Francesco and Valerio Zuccato
St. Victor the Moor

Museum of St. Mark's Cathedral, Venice, Italy

The museum label identifies this Roman soldier simply as "St. Victor." The Roman Martyrology lists five military martyrs by that name. The one most often pictured is St. Victor of Marseille (feast day July 21). In his portraits he will usually carry a sword, but this is to signify his profession, not the instrument of his martyrdom. He was crushed to death by a millstone, which is his attribute (example).

The Victor pictured here is most likely St. Victor the Moor (feast day May 8). He did die by the sword, which in this mosaic is used as his attribute. All the churches dedicated to him were named simply "St. Victor," and the epithet "Moor" is also absent from many written references to him, which sometimes call him "St. Victor, Martyr of Milan." This may explain why he is pictured here as a white. Even St. Maurice, whose name clearly identifies him as African, is often pictured with white skin.

Of the other military martyrs named Victor, and who could conceivably be the one pictured here, one is said to have been beheaded (the St. Victor who was martyred with St. Corona, May 14); one was named among the martyrs of the Theban Legion, who were also beheaded (September 22); and one died in Mérida from diversa supplicia (July 24).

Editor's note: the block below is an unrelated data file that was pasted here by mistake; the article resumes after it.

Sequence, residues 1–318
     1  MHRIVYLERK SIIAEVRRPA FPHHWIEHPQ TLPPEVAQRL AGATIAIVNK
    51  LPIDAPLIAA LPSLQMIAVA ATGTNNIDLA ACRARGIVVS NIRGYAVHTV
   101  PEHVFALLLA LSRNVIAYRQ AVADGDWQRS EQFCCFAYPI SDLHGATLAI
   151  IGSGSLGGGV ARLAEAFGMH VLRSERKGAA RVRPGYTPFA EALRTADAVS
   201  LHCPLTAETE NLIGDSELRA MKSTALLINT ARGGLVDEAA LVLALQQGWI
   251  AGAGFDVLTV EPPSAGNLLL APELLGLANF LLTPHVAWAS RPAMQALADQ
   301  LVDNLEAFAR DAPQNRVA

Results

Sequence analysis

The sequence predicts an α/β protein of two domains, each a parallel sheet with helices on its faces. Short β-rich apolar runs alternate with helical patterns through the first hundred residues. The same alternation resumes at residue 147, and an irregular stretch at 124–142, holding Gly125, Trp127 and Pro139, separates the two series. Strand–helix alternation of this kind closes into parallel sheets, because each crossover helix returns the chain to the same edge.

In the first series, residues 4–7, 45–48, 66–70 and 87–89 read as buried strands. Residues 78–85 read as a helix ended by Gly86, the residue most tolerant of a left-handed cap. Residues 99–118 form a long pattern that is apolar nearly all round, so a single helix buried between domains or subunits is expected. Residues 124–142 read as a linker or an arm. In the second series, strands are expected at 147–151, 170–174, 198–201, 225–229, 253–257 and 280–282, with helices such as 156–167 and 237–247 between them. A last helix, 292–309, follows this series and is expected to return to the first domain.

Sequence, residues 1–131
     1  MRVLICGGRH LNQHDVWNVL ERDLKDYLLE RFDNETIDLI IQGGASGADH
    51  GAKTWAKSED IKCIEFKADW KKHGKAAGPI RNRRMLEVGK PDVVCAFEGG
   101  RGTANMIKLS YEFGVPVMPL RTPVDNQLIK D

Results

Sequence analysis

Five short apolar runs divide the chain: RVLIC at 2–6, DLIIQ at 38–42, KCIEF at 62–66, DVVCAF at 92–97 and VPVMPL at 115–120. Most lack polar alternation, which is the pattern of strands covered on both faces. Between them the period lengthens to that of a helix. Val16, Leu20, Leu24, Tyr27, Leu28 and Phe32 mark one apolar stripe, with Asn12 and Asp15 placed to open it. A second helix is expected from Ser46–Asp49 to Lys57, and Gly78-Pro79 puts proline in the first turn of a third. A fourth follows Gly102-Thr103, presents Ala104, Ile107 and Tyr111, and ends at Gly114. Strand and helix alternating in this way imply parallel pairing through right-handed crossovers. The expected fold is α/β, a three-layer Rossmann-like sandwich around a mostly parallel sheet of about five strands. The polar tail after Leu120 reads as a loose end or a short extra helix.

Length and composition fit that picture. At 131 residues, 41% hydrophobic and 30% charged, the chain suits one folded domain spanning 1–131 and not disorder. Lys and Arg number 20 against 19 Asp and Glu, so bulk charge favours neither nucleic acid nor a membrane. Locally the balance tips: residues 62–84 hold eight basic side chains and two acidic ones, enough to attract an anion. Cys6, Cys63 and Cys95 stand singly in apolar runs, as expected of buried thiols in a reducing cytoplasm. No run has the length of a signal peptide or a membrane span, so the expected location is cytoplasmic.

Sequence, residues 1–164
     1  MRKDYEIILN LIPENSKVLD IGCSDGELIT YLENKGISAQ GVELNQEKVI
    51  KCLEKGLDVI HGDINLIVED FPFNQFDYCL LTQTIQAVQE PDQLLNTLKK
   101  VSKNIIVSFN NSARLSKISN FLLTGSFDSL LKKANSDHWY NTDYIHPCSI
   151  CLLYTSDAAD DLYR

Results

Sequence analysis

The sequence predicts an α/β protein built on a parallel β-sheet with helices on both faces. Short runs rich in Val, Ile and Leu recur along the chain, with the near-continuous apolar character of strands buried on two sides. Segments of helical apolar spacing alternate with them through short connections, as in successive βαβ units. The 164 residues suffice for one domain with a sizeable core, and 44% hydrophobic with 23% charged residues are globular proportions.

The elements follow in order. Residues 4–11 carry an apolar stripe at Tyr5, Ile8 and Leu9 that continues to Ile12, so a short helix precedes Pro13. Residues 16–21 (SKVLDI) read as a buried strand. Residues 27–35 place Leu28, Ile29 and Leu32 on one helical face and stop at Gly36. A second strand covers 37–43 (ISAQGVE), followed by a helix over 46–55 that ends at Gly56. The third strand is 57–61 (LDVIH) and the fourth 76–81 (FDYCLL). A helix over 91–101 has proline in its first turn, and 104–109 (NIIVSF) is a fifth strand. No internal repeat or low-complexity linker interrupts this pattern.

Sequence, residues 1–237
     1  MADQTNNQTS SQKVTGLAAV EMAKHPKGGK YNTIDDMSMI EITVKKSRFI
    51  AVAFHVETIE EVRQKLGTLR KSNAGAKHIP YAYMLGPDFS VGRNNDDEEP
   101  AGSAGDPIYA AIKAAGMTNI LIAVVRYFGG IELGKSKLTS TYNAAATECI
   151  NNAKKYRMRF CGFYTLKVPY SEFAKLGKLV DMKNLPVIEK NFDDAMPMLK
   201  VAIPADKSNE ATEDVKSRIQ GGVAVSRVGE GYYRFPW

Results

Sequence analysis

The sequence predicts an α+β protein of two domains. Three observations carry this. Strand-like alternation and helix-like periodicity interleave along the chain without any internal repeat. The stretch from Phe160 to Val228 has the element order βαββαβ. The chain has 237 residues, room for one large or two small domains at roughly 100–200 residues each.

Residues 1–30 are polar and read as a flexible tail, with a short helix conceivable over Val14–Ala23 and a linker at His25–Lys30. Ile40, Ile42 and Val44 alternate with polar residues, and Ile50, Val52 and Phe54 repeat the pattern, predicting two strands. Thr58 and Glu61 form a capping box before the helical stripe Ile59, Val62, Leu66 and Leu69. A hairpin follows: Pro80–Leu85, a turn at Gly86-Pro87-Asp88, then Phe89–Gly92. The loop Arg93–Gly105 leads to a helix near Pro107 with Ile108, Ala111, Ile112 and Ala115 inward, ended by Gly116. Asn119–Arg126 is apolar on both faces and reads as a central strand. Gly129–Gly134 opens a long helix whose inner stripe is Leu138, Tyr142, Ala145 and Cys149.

The inscription below the portrait reads arte et coloribus pictori zuchati fratres ingenio naturae saxis m d lviiii, "The Zuccato brothers, painters, devised the art and colors from natural stones, 1559."

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Photographed at the museum by Richard Stracke, shared under Attribution-NonCommercial-ShareAlike license.

1 Analecta Bollandiana, XVII, 172-73.